3 results for Egan, Richard Michael Martin, Thesis

  • Spirituality in New Zealand hospice care

    Egan, Richard Michael Martin (2009)

    Doctoral thesis
    University of Otago

    xv, 362 leaves :ill. (some col.) ; 30 cm. Includes bibliographical references. "July 2009". University of Otago department: General Practice

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  • Spirituality in New Zealand hospice care

    Egan, Richard Michael Martin (2010)

    Doctoral thesis
    University of Otago

    xv, 362 leaves :ill. (some col.) ; 30 cm. Includes bibliographical references. "July 2009". University of Otago department: General Practice

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  • Spiritual well-being / taha wairua in New Zealand state schools : a thesis presented in fulfillment of the requirements for the degree of Master of Philosophy in Religious Studies at Massey University

    Egan, Richard Michael Martin (2000)

    Masters thesis
    Massey University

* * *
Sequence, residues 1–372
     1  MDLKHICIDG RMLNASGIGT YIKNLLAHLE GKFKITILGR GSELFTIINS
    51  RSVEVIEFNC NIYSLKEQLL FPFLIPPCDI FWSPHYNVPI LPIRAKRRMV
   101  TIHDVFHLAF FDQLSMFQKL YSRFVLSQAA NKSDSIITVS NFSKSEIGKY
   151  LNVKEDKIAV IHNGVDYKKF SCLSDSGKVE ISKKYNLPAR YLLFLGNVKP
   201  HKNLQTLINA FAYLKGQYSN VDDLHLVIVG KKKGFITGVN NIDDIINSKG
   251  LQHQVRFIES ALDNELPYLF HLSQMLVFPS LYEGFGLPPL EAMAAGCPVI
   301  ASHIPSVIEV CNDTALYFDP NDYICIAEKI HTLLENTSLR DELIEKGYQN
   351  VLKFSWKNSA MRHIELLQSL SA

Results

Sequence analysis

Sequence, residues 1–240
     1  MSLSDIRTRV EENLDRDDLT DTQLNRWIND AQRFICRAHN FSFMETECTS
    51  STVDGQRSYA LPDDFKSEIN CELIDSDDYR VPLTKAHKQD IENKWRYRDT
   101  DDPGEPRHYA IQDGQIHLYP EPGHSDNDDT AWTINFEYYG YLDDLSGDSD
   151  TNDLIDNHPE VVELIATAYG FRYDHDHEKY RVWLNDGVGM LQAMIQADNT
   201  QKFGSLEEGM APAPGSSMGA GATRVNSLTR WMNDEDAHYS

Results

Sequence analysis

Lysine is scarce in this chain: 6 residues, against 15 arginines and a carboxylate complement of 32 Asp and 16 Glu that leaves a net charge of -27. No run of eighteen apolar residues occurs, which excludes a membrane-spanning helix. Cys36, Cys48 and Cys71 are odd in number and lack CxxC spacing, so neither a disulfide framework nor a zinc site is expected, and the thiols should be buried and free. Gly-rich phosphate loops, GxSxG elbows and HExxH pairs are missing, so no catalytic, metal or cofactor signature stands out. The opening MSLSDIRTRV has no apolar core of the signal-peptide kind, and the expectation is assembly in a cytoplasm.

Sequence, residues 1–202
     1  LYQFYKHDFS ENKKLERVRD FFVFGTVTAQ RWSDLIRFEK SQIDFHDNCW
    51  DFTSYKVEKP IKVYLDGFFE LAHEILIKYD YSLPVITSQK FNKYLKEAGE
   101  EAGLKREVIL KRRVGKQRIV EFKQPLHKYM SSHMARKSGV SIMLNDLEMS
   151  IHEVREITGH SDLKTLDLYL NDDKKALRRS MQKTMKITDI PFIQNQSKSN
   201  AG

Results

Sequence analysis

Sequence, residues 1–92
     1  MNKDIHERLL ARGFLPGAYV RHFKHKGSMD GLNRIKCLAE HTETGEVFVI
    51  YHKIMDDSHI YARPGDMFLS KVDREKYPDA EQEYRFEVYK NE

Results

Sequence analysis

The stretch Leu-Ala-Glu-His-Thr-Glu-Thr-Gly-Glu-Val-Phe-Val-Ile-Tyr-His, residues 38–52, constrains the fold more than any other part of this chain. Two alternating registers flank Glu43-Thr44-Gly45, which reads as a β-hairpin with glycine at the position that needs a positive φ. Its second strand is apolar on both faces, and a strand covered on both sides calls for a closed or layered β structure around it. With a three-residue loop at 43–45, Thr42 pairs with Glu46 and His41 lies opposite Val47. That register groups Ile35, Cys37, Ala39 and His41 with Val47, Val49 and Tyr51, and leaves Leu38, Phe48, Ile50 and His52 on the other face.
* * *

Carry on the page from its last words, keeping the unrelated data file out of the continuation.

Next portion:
""Spirituality" is a relatively new concept in state education. This research sets out to help clarify what that term is taken to mean in the current educational context. The New Zealand Curriculum Framework (1993) appears to recognise spirituality as an inter-connected element of the whole person. The Health and Physical Education Curriculum (1999), in particular, defines spiritual well-being in an inclusive and internationally comparable way, covering such matters as attitudes and values, meaning and purpose, self-awareness/identity, while for some, retaining links with the transcendent. "Spirituality" as a broad and flexible construct is shown to be evolving. Spirituality has traditionally been tied to religious concepts. Today, however, it has also expanded to the secular environment. The inclusion of the spiritual dimension in state education is responded to in this research, (i) by examining the applicable New Zealand education history, (ii) by examining the evolution of the definition of spirituality, (iii) by analysing the relevant government documents to show where spirituality is situated, and, (iv) by making some recommendations about how to address spirituality in state schools, including a report on a trial unit. The literature review reflects national curriculum documents which recognise the spiritual needs of students. The research suggests spiritual literacy will go some way to address the increasing pressures on young people and reduce dysfunctional responses to which many young people resort. This research concludes that spirituality is being increasingly recognised at all levels of society. Such acknowledgment may drive education policy and practice to implement teaching and learning programmes which attend to the whole person. It recommends a systematic approach to meet the spiritual needs of students and the wider school community. A broad framework is suggested, so as to make it easier for individual schools to address spirituality at all levels of their unique communities. Overall, this research affirms spirituality as an essential dimension of well-being which must be considered at all levels of state education. It is hoped that this research may be used as a practical tool or discussion document to assist in the development of school and community spiritual well-being.

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